We are inviting IDEALS users, both people looking for materials in IDEALS and those who want to deposit their work, to give us feedback on improving this service through an interview. Participants will receive a $20 VISA gift card. Please sign up via webform.
Files in this item
|(no description provided)|
|Title:||Unfunded Pension Liabilities and Capital Structure Decisions: A Theoretical and Empirical Investigation|
|Author(s):||Alderson, Michael J.|
|Department / Program:||Finance|
|Degree Granting Institution:||University of Illinois at Urbana-Champaign|
|Abstract:||In this thesis, a liability-based model of corporate pension funding policy is developed which is centered around two separate occurrences of differential taxation in the U.S. economy. The first of these concerns the FICA tax. Income received in the form of a pension is not subject to FICA withholding. Rational employees seeking to avoid this tax demand pension income from their employers. Firms are willing to supply pension income because the contributions which are required to service them are tax deductible.
Capitalists and labor are mutually exclusive groups. For this reason, employees (in effect) sell their pension claims in the capital markets. The second instance of differential taxation becomes important to the analysis at this stage. This is because the pension claims which labor sells are in essence debt securities, and as such are taxed at a higher rate than comparable equity instruments. Investors who purchase the pension claims will do so only if they are compensated for the additional tax which they pay on the debt obligation. When as in a "Debt and Taxes" world the tax disadvantage of purchasing the pension claim is passed back to the firm, the corporation finds it advantageous to supply pension income only up to the point where the net benefit of doing so is neutral. If corporations have differing amounts of non-pension tax shields, then a corporate pension policy which is unique to each firm exists in equilibrium.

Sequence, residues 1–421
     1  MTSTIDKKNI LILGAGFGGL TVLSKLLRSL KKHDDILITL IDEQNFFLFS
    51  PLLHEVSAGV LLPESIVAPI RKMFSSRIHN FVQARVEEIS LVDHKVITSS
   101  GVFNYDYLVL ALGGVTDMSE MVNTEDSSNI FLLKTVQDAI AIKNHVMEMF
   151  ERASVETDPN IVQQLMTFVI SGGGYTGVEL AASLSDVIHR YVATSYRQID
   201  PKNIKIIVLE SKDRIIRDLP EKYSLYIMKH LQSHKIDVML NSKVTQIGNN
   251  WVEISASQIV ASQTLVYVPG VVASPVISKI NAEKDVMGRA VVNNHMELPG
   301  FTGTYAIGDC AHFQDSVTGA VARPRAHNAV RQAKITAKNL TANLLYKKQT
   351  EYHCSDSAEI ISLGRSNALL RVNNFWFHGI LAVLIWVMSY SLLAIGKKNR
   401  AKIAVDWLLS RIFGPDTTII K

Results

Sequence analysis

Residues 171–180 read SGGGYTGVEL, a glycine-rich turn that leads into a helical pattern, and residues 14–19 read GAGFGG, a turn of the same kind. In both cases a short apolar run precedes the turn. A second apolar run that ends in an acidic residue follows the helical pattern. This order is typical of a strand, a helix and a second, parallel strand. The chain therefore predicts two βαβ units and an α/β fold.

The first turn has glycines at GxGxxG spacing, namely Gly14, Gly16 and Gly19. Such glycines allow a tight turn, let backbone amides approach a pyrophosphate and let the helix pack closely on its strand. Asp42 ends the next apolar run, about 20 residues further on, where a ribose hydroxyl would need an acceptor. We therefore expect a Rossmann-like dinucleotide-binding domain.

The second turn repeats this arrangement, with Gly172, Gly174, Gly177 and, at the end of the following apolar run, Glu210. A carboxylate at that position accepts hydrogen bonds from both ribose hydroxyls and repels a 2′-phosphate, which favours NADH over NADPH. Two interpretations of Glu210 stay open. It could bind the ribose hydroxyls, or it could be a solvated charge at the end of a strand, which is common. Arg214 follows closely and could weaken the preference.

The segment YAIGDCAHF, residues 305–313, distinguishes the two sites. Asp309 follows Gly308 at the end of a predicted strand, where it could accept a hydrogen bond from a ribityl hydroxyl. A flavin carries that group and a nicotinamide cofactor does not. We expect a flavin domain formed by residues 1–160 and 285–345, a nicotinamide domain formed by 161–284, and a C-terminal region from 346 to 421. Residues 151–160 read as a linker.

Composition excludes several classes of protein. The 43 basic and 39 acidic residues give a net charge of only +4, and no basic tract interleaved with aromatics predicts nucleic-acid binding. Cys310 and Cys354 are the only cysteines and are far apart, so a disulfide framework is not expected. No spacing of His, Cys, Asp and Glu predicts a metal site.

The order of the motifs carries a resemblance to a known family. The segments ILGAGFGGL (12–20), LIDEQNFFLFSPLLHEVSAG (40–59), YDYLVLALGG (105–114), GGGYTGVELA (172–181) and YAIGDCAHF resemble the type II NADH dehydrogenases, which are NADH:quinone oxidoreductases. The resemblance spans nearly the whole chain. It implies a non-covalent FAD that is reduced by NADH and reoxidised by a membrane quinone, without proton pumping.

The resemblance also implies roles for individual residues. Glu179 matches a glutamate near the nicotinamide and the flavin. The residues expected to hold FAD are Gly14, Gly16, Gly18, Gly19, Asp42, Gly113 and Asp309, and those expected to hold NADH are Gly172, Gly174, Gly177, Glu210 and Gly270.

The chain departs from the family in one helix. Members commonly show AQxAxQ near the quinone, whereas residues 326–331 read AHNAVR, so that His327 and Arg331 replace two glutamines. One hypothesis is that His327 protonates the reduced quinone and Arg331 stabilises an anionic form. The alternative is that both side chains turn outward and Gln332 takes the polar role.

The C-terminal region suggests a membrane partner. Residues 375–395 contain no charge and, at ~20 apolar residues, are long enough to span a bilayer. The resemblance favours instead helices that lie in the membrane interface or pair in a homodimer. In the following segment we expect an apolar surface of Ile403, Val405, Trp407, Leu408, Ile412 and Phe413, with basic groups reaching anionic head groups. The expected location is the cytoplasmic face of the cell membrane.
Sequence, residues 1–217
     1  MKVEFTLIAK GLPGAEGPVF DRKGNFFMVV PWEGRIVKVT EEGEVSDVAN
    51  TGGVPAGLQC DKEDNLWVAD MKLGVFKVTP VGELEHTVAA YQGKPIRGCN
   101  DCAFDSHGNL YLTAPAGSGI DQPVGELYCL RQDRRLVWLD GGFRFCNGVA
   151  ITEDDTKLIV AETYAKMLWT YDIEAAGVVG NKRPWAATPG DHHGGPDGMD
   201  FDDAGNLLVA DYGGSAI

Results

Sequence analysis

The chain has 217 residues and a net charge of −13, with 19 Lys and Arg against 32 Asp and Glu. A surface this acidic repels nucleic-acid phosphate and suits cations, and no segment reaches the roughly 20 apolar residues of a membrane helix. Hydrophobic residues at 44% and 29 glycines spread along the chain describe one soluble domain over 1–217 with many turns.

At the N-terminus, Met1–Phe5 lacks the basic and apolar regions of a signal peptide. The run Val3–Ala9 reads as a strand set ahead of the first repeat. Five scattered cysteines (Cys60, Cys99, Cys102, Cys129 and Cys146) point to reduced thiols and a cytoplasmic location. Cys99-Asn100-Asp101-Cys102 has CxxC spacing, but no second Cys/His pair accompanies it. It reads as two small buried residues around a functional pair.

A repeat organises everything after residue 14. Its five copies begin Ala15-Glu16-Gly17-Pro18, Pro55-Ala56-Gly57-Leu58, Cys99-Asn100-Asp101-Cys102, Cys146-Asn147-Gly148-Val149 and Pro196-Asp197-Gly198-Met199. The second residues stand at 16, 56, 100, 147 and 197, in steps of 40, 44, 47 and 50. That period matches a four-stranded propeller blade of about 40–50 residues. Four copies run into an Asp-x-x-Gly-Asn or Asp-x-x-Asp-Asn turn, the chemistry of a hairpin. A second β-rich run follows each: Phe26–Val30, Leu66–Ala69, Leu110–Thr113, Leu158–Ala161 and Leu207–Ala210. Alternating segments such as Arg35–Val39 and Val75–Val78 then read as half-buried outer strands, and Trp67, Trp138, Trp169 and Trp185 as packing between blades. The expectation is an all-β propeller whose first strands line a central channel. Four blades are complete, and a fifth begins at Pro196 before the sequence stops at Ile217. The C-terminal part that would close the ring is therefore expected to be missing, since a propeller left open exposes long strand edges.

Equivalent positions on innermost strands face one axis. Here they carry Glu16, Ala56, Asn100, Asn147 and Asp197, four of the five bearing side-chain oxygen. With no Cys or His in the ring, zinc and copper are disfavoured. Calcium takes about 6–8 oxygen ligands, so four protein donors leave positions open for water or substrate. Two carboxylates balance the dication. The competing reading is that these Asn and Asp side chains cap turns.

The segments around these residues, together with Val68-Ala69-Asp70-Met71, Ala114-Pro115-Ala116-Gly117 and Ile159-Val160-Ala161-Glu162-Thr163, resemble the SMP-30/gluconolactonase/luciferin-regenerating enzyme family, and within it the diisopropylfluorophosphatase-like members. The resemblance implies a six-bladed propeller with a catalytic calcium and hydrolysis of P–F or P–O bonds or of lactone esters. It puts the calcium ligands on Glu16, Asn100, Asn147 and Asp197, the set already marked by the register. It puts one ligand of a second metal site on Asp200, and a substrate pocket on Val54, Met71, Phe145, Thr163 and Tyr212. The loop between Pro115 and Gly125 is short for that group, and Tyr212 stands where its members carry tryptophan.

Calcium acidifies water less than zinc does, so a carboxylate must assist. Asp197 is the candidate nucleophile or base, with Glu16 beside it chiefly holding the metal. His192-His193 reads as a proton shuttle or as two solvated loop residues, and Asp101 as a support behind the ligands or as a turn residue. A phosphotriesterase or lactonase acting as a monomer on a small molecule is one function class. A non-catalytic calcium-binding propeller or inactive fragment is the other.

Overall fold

A comparative statics analysis for the model produces four hypotheses which deal with the determination of the level of unfunded vested pension obligations. Three of these are empirically testable. A regression model is specified to test three of the conjected relationships.
Direct ordinary least squares estimates are computed for the regressions. Two-stage and three-stage least squares techniques and factor analysis regression are applied to deal with the problem of measurement error.
The results show that there is strong evidence to support the notion that the amount of unfunded vested pension liabilities which firms possess is inversely related to the amount of investment tax credits available. An inverse relationship between unfunded vested liabilities and the level of operating income is also identified.
Thesis (Ph.D.)--University of Illinois at Urbana-Champaign, 1984.
|Date Available in IDEALS:||2014-12-16|